Dougherty Exhibit (closed)
More about Dougherty
Dougherty has created his “installation art” in over 200 venues throughout the United States and 17 other countries. He has received many awards and grants, including a National Endowment for the Arts Fellowship. In a full-length article on the artist and his work, the New York Times (October 6, 2010) stated:
“At 36, he went back to school, straight into the graduate art program at the University of North Carolina, 10 minutes away. His first stick work, a man-size tangle of saplings made on a picnic table at home, startled his professors, he said. They thought ‘it was too complete for someone who’d been blundering around in the netherworld.’
“Since then, he has made well over 200 startling (and delightful) pieces for sites all over the world — woolly lairs and wild follies, gigantic snares, nests and cocoons, some woven into groves of trees, others lashed around buildings. And in August, he was invited by the Brooklyn Botanic Garden to make a piece for its centennial: you’ll find ‘Natural History,’ five winsome wind-blown pods that Mr. Dougherty described as ‘lairs for feral children or wayward adults,’ near the Magnolia Plaza there.”
Further information about Dougherty can be found at his web site, www.stickwork.net.
Photo by Bill Franz
The Dougherty Exhibit
Acclaimed woven-wood artist Patrick Dougherty installed a one-of-a-kind outdoor sculpture at Wegerzyn Gardens MetroPark that was displayed from the Spring of 2011-December 2013. With more than 1000 hours of help from local volunteers--as well as the expert assistance of Five Rivers MetroParks personnel--Dougherty created a nearly 200-foot-long tunnel that coils sinuously around Wegerzyn's North Plaza. Woven entirely of willow branches that had been encroaching upon the fishing lakes at Englewood MetroPark, the sculpture had openings that invited the visitor to explore its rustic interior and to enjoy beautiful views of Wegerzyn's formal gardens.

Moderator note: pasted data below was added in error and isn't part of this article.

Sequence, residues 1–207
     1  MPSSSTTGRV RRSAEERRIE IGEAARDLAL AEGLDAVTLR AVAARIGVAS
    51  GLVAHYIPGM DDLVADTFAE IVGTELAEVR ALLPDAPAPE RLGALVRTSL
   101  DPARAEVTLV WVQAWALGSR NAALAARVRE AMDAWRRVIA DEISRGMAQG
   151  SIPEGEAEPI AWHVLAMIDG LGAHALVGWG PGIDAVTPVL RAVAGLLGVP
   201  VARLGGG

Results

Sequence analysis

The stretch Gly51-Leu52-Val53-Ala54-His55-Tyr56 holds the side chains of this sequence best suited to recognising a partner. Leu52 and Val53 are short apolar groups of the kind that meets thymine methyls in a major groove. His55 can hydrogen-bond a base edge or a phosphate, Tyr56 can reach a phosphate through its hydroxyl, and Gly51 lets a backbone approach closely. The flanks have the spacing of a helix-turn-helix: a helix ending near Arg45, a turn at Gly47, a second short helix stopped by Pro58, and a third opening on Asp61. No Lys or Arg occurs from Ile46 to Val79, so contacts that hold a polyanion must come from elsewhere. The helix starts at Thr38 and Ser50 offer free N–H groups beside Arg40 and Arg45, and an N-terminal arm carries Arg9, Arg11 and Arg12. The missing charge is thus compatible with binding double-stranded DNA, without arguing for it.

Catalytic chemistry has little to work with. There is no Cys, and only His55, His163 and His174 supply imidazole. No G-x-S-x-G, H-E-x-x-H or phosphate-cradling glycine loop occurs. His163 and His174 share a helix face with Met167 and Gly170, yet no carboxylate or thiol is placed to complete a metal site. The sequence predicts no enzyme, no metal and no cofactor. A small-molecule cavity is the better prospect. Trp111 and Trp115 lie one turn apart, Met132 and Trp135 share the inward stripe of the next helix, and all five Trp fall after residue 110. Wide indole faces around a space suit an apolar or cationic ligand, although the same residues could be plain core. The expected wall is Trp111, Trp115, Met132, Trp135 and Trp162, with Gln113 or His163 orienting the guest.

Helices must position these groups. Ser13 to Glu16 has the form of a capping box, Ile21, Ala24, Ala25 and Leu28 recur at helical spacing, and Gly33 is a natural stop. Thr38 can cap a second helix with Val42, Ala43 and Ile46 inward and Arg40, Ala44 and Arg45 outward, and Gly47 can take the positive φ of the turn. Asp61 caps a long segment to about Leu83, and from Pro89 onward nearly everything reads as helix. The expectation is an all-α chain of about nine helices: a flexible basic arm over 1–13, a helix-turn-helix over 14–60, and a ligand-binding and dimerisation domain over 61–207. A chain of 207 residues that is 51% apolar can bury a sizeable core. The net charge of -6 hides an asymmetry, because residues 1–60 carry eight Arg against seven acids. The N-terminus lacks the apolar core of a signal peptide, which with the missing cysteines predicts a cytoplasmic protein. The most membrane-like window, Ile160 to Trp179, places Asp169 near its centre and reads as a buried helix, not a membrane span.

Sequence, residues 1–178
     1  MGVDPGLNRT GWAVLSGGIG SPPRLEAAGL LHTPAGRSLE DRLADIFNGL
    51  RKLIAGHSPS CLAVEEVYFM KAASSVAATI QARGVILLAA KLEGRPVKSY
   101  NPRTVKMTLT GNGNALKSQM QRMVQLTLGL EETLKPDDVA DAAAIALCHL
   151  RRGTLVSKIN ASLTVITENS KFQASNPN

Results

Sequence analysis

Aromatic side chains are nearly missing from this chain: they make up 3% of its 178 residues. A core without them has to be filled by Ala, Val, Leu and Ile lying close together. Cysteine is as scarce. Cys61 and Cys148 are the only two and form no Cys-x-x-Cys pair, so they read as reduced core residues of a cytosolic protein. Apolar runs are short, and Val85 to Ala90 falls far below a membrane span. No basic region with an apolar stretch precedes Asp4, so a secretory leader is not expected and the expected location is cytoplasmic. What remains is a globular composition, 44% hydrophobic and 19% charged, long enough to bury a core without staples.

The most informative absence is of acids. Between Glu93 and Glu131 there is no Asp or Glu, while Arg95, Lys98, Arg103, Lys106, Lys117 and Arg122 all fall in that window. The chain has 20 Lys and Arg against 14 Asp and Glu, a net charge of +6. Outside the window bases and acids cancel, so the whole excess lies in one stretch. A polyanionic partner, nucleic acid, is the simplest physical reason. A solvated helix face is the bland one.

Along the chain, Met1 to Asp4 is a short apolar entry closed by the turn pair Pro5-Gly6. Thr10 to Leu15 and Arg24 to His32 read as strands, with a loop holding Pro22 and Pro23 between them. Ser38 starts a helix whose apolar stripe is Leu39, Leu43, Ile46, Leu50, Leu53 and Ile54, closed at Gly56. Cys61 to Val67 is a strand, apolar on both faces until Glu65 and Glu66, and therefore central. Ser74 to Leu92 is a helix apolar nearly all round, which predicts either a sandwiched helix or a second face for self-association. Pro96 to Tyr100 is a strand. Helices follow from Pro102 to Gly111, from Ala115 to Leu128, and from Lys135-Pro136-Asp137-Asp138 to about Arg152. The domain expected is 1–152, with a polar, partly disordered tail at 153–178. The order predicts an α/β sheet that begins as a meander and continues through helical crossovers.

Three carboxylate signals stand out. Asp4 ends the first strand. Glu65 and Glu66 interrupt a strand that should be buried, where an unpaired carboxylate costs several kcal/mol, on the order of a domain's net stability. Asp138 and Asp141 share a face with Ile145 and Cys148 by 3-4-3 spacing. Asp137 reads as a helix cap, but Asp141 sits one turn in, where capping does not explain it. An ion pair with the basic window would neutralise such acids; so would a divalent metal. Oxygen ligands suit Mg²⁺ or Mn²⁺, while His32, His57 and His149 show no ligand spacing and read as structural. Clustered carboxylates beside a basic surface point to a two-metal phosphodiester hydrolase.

The Dougherty Exhibit
Dubbed "A Wiggle in Its Walk," our serpentine sculpture is quite distinctive from Dougherty's past creations, which are reminiscent of nests, lairs, vessels, and mythic shelters. He took full advantage of the North Plaza's central location, clear visibility from four directions, strong geometric presence, and proximity to the Children's Discovery Garden. The sculpture will remain standing until December 2013, after which the material will be transferred to Wegerzyn’s composting facility.
The sculpture has served to narrow the widening gap between the “plugged-in generation” and the natural environments by encouraging children to explore and appreciate the natural world and to recognize the need to preserve it.
Photo by Ed Lehman
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